In the early stages of scene creation, it’s useful to keep in mind where is pleasure and where is pain.

I had written a scene about a man getting hypnotized, with a group of fellow freshman during college orientation. My character went on stage, hesitant because he was worried he would be embarrassed. He relaxed along with the other students. Then, at peak relaxation, a haunting image of his past flashed into his head that threw him out of that relaxed state. Now, he sat in the chair on stage, super self-conscious, wondering what to do now. He was supposed to be hypnotized but he wasn’t. Should he play along? Should he just open his eyes? What!? He’s sweating on stage, unable to hide.

The scene was solid. But it didn’t jump to the next level until I asked, where is pleasure? where is pain? and where do these transition? I knew the pain was in his discomfort of not knowing what to do, especially with a hundred college freshman looking on. But it wasn’t until I asked these questions that I realized the pleasure was actually what he felt just before this. Hypnosis in broad terms is based on relaxation into your feelings, so that the brain calms down its mental chatter. That’s incredibly pleasurable, especially for someone like my lead character who’s always thinking and thinking and thinking. So I realized the scene was centered around him being surprised by how good the relaxation feels and surrendering to it and feeling more relaxed than he’s ever felt in his life. Then flash. He’s injected back into his mind, trying to think his way back to an experience that is only achieved through feeling.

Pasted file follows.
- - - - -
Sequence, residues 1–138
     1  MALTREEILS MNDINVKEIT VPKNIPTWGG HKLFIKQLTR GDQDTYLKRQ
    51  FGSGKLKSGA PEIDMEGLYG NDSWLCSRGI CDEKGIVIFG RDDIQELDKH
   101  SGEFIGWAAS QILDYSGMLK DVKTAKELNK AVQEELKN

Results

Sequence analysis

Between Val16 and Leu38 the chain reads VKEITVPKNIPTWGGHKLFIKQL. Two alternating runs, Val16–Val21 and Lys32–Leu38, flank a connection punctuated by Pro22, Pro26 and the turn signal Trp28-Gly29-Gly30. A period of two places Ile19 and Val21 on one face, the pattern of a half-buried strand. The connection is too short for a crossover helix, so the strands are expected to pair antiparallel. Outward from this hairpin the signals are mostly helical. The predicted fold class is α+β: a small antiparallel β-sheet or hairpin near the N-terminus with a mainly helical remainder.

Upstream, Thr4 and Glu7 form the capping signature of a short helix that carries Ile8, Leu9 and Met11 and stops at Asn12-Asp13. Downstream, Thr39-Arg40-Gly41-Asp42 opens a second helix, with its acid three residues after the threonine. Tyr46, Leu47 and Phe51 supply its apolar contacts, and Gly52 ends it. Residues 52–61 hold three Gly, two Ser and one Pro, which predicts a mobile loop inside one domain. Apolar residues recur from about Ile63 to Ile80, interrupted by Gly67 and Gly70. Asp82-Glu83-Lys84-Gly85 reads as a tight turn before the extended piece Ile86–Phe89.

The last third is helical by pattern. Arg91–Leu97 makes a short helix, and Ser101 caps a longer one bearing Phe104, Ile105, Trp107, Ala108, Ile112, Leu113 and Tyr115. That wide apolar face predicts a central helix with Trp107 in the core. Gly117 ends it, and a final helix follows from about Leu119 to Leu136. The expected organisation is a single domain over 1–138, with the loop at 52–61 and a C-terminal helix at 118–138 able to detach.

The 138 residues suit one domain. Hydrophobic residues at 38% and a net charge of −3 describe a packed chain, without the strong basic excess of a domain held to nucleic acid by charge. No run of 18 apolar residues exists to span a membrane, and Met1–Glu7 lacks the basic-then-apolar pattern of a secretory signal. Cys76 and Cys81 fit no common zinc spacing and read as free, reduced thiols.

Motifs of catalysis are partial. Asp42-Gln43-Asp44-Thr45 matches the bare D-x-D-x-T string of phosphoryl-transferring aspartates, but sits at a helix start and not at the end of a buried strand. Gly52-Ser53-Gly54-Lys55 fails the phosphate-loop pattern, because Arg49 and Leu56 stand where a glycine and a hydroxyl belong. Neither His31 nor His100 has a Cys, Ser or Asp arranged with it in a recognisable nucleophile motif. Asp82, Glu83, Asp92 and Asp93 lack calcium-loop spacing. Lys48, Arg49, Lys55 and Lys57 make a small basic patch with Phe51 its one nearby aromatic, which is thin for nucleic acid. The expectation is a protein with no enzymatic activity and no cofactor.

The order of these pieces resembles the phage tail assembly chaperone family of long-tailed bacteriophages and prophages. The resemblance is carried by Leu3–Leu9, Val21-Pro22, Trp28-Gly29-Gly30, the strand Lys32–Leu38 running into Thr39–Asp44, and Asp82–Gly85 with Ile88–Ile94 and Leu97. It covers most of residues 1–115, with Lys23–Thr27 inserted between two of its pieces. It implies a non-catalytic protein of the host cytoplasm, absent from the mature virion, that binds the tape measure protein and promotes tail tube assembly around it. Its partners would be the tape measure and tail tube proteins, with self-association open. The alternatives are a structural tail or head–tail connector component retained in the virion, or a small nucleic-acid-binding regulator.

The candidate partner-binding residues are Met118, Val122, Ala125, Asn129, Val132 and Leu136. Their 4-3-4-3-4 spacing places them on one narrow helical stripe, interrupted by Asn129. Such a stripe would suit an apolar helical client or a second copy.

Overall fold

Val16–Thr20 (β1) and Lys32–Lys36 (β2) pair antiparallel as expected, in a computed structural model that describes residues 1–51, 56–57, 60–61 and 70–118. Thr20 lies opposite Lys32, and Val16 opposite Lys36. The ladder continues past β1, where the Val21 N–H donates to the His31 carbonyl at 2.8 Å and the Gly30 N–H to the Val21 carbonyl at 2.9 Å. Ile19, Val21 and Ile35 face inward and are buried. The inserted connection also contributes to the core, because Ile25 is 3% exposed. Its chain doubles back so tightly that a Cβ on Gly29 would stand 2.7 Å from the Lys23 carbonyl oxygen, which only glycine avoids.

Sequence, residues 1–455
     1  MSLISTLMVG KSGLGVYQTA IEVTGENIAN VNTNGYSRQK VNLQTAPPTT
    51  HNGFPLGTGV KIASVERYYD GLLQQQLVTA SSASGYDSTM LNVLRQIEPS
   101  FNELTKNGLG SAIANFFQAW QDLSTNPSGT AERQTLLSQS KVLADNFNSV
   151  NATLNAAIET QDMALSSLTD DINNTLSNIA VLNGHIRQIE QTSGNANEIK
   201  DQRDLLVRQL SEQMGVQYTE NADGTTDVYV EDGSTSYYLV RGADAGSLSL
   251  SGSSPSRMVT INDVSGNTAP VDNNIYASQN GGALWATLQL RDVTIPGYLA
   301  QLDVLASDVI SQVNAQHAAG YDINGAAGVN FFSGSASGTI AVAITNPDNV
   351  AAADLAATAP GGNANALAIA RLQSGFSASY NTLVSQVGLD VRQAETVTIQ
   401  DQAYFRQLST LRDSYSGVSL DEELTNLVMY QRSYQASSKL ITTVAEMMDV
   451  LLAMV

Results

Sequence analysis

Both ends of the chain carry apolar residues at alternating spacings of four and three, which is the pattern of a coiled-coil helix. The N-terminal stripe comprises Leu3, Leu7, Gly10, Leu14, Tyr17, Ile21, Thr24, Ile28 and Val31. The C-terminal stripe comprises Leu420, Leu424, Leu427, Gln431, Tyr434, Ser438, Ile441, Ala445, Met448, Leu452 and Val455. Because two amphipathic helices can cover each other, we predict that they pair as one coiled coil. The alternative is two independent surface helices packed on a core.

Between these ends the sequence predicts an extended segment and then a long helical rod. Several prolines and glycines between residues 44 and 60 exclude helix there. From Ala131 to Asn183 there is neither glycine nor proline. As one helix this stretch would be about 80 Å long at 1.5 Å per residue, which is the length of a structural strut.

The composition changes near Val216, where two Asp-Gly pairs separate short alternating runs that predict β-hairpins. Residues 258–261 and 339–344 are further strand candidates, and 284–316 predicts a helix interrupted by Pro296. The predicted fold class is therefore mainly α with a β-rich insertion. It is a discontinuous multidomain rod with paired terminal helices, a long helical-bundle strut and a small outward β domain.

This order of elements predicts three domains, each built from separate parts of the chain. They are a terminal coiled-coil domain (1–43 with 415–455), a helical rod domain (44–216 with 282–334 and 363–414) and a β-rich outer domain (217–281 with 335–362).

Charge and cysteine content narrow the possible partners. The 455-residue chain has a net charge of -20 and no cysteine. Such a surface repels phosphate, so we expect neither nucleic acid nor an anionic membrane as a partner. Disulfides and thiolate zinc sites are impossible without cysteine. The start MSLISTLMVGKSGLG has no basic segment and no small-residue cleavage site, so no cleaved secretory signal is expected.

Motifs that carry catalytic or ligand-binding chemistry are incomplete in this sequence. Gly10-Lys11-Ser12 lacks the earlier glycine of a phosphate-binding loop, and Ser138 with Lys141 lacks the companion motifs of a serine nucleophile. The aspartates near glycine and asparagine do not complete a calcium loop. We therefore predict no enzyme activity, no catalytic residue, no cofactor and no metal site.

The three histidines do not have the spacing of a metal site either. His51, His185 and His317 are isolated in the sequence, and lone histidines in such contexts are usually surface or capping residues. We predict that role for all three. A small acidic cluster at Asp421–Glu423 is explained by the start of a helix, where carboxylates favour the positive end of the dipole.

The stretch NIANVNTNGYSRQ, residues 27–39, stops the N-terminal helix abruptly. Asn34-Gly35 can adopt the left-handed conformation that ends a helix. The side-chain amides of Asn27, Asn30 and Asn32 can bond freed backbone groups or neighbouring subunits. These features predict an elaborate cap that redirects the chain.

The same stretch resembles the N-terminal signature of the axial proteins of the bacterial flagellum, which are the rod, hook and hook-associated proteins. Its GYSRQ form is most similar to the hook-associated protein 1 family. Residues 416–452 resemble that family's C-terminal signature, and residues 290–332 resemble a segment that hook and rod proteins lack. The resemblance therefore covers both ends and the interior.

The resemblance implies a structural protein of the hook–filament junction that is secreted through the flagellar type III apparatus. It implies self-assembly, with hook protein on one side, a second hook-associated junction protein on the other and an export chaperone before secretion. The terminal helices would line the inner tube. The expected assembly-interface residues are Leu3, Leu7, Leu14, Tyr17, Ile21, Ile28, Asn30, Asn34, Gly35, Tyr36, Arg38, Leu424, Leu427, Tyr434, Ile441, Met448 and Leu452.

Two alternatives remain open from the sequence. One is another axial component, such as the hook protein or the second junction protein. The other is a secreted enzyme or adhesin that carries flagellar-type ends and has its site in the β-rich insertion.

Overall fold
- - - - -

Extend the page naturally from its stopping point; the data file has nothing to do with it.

He falls from grace into what feels like a torture chamber. That’s a powerful scene.